5. I think the collector market for videogames is starting to mature and people are starting to identify the rare and coveted items. Videogames is on the same trajectory similar to Star Wars figs and Transformers before it. Popular franchises like Zelda, Mega-Man, and Mario related games in mint or sealed condition from earlier systems will always be in demand. Less popular systems like the Sega Saturn or Sega Dreamcast had quality titles and those games were produced in lower numbers, so there is a ton of growth potential if you can track down those games in mint condition. Certain sealed items can fetch a ton due to the fact that most games retailed for $40-$60 back in the 80's and 90's, so the chances of some kid stashing a new game in a closet is virtually nil. I'd wager most surviving copies of sealed games were deadstock from a store that went under.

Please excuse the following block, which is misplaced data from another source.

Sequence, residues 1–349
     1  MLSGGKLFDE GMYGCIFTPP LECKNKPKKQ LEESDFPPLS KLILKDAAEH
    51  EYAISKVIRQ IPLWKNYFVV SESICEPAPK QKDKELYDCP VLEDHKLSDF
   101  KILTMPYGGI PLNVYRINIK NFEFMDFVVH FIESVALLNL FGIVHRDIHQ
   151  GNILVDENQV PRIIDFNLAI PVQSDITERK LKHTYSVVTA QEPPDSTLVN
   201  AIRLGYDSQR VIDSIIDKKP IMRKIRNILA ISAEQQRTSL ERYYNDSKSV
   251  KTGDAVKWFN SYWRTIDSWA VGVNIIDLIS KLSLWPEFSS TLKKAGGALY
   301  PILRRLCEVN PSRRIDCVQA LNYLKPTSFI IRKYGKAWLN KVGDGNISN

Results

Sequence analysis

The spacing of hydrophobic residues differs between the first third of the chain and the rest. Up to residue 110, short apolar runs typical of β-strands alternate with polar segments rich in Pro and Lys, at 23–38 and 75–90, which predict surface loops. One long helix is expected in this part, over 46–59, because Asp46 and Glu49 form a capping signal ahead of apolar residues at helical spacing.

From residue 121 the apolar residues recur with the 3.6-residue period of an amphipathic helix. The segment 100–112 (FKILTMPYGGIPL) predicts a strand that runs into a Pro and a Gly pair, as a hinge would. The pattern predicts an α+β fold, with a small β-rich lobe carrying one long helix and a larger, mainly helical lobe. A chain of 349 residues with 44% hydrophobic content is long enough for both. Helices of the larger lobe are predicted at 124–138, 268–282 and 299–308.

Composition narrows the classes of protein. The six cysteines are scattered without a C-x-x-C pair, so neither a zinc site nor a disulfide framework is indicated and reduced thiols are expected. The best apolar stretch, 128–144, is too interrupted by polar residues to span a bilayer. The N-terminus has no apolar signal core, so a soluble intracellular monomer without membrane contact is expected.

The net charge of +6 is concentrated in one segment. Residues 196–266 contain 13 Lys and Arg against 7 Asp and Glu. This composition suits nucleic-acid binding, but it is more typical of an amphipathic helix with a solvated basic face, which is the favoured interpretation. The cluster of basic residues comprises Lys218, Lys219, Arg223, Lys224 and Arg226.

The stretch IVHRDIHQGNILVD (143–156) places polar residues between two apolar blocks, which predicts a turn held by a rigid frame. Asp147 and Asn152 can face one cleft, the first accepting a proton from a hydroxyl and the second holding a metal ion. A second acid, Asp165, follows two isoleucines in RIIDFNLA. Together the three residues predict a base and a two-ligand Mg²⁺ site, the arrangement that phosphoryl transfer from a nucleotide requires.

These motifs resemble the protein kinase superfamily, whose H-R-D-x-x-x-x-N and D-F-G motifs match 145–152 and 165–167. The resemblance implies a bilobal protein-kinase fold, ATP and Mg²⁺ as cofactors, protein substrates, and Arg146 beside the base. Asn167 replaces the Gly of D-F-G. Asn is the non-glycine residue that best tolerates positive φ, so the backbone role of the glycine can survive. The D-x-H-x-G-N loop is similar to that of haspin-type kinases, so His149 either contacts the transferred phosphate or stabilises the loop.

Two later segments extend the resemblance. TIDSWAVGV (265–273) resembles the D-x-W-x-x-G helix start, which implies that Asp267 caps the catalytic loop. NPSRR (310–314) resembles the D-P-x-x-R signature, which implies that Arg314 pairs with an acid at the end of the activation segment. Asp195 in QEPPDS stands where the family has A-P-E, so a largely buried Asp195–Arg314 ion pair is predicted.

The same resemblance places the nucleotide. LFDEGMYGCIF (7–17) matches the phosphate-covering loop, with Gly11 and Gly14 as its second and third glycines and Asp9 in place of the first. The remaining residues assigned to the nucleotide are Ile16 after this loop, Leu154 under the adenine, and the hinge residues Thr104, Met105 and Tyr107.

6. Unless everyone unloads all their Jim Lee art all at once, I'd say prices are going to continue going up in the short term. Just looking at HA prices from 5 years ago, there has been a significant spike in prices. All I want is a decent X-Men or Hush page and prices are climbing to the point where I'm not sure if I am comfortable dropping a significant amount to cash to acquire it. I don't see prices dropping appreciably in the next 3-5 years, so jump on it if one strikes your fancy.
  7. I don't think Stan Lee is affiliated with 'LA Comic Con' anymore. They are not promoting his name with that convention like they have in years past. Makes me wonder how much investment he had in that show to begin with, since it was implied in the past that he had a stake in it.